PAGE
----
The new one is just a bit faster than the old :).


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Is that faster than your initial method or the bash script I linked to?

That's faster than my original method. The bash script was just a touch slower than Perl:


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Ok here's a perl version of my approach:

Align Text as Spaced Columns.kmmacros (23 KB)

Macro screenshot

Thanks for that; using bits of your code, I was able to get rid of the save/read/delete file steps in mine. I couldn't get the variable reading to work right originally, as I was using double quotes. But I also don't know Perl very well at all, so the split lines function was also critical. Feels much better running without using the temp file I was writing!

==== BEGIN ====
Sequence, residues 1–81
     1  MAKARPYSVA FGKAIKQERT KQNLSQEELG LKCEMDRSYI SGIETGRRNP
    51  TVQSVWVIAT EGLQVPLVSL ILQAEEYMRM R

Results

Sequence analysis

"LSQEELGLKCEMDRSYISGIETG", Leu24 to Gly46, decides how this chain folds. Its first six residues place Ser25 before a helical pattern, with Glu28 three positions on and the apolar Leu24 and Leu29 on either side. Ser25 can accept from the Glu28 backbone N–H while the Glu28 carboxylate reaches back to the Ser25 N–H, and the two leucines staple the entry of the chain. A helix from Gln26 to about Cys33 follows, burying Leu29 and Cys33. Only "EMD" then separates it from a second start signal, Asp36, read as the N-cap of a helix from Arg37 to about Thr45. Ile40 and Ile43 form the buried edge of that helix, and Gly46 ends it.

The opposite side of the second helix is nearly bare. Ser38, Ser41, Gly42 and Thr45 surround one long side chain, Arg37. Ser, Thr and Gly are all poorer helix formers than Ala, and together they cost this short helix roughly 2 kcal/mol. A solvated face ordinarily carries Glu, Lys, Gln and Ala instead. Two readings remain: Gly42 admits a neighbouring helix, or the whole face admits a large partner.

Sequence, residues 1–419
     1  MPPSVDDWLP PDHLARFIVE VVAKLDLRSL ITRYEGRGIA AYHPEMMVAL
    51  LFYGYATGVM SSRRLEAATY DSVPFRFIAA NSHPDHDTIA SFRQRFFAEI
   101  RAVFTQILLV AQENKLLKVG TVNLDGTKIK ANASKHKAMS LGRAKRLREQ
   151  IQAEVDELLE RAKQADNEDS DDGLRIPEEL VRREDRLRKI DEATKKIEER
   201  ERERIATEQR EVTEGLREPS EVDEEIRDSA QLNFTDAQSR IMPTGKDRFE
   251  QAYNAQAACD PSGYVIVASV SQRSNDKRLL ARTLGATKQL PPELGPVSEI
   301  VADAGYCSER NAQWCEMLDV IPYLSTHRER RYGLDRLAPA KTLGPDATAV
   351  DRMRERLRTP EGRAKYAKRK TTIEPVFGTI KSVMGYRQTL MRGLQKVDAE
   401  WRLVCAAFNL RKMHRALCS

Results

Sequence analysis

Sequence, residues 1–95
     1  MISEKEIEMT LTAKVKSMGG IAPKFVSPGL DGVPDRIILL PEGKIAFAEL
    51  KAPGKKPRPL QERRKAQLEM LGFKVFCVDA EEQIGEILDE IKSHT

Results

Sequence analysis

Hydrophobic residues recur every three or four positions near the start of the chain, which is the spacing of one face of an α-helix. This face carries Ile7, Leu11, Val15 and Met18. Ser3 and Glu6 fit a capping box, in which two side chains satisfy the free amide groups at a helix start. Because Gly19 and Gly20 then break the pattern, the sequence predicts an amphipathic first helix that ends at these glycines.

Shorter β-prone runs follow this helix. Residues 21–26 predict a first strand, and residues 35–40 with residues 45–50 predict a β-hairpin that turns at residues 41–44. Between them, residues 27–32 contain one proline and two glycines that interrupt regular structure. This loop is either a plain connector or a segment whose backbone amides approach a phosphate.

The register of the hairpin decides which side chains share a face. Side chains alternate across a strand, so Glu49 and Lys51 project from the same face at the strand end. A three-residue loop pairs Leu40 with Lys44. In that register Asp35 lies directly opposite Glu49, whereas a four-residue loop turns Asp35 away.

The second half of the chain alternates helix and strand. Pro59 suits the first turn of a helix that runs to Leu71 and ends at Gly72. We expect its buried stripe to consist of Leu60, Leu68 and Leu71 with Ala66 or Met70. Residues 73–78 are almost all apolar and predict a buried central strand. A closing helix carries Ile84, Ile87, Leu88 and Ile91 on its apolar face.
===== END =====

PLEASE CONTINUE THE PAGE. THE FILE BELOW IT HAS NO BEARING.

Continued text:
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During development, I discovered something that seems to throw all of these out of whack: Emoji. If there are emoji in the words, the alignment is off, I think because emoji are multi-character characters that appear as one? So while your eye sees one character, the system counts three, which throws off the alignment.

I couldn't find a way around this, as some emoji seem to be two characters in length, others are three—I was thinking I could just pad the character count based on counting emoji (assuming I could figure out how to do that), but it wouldn't work.

In the end, I gave up, and my columns won't align for strings with emojis.


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Here's what GPT4 has to say about it. I'm not near my mac at the moment so I can't try it yet, but have a look...